Picture this—your beach trip was too brief — or at least it felt that way. As a result, you head back home, wishing that there was more time for a vacation. It may not even be a vacation. It may be a simple get-together or a day off of work. The feeling that there is not enough recreational time is one that we have all felt at some point.
However, what if we were to tell you that you can make your vacation feel longer — in a way that doesn’t involve painstaking negotiation with your boss for more days off? The key is to reframe how you think of time. Do this, and you will be able to get the most out of your vacation days or weekends.
This is an old idiom that encapsulates that feeling you get when you’re enjoying your time. It is an expression that exposes us to how subjective the feeling of time is.
This subjective perception of time tends to be longer or shorter depending on the nature of an event. In particular, the amount of pleasure a certain event provides seems to determine how long or short it is perceived to be.
This is certainly the case for a study from SAGE Journals. It determined how the perception of an experience tends to skew one’s sense of time.
The “flight of time” is a seemingly innocuous experience of which we are all aware. Numerous studies have confirmed this phenomenon. It is almost surprising that no name for it has been created yet.
In a study from the Journal of Consumer Psychology, a cohort was asked to rate their experience of an enjoyable event. For the study, the event was Thanksgiving, a holiday that most Americans look forward to. To provide a numerical measure, each participant had to use a slider. The slider allowed every participant of the study to rate how fun the event was.
The measurement is on a scale of 0 to 100, with 100 indicating the maximum level of fun. The results confirm the age-old idiom; the participants who gave ratings above 70 reported their Thanksgiving experience to be short.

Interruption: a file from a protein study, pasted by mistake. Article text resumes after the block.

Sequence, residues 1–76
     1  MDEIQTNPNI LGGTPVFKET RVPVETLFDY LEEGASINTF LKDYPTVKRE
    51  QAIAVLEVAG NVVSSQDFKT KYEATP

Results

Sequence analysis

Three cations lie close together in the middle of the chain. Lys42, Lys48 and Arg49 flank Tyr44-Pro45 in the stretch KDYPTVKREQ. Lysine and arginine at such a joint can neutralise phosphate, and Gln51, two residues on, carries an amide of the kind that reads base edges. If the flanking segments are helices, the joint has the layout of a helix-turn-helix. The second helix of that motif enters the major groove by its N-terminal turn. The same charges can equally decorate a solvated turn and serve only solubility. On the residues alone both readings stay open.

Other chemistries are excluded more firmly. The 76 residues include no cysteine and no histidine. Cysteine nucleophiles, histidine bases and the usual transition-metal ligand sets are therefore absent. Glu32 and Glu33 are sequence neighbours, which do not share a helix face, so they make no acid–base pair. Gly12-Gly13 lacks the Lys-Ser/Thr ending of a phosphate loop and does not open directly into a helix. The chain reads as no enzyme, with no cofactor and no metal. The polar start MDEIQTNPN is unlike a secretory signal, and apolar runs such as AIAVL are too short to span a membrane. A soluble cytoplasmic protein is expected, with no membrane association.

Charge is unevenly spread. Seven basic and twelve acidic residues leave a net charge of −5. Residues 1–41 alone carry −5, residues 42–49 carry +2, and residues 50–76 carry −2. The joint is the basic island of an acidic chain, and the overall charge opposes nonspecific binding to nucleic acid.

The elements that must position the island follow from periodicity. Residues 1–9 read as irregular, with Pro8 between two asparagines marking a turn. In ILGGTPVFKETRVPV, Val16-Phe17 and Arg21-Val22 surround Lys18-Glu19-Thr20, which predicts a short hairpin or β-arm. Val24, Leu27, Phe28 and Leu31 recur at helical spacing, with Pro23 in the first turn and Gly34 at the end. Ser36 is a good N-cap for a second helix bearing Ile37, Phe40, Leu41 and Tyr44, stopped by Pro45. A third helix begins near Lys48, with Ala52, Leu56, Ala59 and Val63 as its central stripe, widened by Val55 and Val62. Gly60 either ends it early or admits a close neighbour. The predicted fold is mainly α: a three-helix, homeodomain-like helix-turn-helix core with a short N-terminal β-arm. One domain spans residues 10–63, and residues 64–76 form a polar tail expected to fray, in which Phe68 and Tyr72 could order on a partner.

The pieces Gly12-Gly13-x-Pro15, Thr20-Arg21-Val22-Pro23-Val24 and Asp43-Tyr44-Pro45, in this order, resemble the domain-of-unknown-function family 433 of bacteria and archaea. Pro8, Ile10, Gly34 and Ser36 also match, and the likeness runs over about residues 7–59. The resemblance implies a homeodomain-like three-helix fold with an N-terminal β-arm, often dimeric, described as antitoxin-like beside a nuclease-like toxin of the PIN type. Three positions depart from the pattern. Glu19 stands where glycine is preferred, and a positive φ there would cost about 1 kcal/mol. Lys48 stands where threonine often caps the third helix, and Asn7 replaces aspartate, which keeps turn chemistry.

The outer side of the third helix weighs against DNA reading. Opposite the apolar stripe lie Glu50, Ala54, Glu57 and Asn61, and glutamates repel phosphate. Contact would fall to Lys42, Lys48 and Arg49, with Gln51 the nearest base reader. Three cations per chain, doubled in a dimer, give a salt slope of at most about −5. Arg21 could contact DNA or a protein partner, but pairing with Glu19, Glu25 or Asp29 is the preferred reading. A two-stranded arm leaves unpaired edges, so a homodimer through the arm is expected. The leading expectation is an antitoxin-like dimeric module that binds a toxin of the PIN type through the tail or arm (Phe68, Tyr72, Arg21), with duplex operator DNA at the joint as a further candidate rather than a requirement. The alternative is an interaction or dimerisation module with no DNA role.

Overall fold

In the same study, one more experience was the object of investigation — the experience of anticipation. Preceding a fun event of which a subject is aware, anticipation seems to be less enjoyable. This is why the hypothesis — that waiting can make time seem slow — was derived.
Using the same slider method, the researchers asked participants to rate their experience of anticipating Thanksgiving dinner. Most gave ratings of less than 50, indicating that waiting for the holiday was not fun.
When we factor in the measurements of the two events against each other, the correlation of waiting and time becomes clearer. Due to the expectations we have about certain events, waiting can seem long. Furthermore, waiting time seems to make time seem slower when the event is something to which we look forward.
Taking the two measurements of two different experiences, we can now see why vacations can seem shorter.
Fun experiences can cause us to perceive time as fleeting. In other words, the enjoyable experiences of an event can cause our hedonistic tendencies to take hold. In a hedonistic state of mind, we desire more of a fun experience to the extent that any thought of ending it would seem abrupt.
Conversely, the experience of waiting for the same event is, by definition, not fun. This results in the subjective sense of time seeming slower, giving us the illusion that more time is spent waiting.
Of course, this may not be true. In fact, temporal judgment mediated by a desire for pleasure can make two events seem different as regards duration. This effect persists even when the two events (waiting for the event and the event itself) have similar objective durations.
In short, there seems to be more time waiting for an event and less time to enjoy it.
So, how do we overcome the feeling that a vacation is too short? The answer lies in being more mindful. More specifically, we can overcome the feeling of a short vacation by focusing on its duration.
Focusing more on how long the vacation lasts without dwelling on how far off it is can be helpful. In doing this, we can eliminate the feeling of a long waiting time. At the same time, we allow ourselves to be fully present and get the most out of an enjoyable day (or days) off work.